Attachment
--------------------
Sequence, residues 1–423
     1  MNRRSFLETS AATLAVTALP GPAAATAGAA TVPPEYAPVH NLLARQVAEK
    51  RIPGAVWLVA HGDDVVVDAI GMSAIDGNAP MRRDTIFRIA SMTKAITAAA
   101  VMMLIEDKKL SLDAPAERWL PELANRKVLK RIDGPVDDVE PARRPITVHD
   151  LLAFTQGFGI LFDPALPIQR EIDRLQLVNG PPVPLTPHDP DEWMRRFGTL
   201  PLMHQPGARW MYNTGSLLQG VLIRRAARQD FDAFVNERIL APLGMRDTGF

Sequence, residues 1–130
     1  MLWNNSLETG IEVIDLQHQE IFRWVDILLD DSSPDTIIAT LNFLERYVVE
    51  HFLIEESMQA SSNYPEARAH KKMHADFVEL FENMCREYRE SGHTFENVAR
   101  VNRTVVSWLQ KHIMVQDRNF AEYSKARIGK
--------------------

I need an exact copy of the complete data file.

Sequence, residues 1–423
     1  MNRRSFLETS AATLAVTALP GPAAATAGAA TVPPEYAPVH NLLARQVAEK
    51  RIPGAVWLVA HGDDVVVDAI GMSAIDGNAP MRRDTIFRIA SMTKAITAAA
   101  VMMLIEDKKL SLDAPAERWL PELANRKVLK RIDGPVDDVE PARRPITVHD
   151  LLAFTQGFGI LFDPALPIQR EIDRLQLVNG PPVPLTPHDP DEWMRRFGTL
   201  PLMHQPGARW MYNTGSLLQG VLIRRAARQD FDAFVNERIL APLGMRDTGF

Sequence, residues 1–130
     1  MLWNNSLETG IEVIDLQHQE IFRWVDILLD DSSPDTIIAT LNFLERYVVE
    51  HFLIEESMQA SSNYPEARAH KKMHADFVEL FENMCREYRE SGHTFENVAR
   101  VNRTVVSWLQ KHIMVQDRNF AEYSKARIGK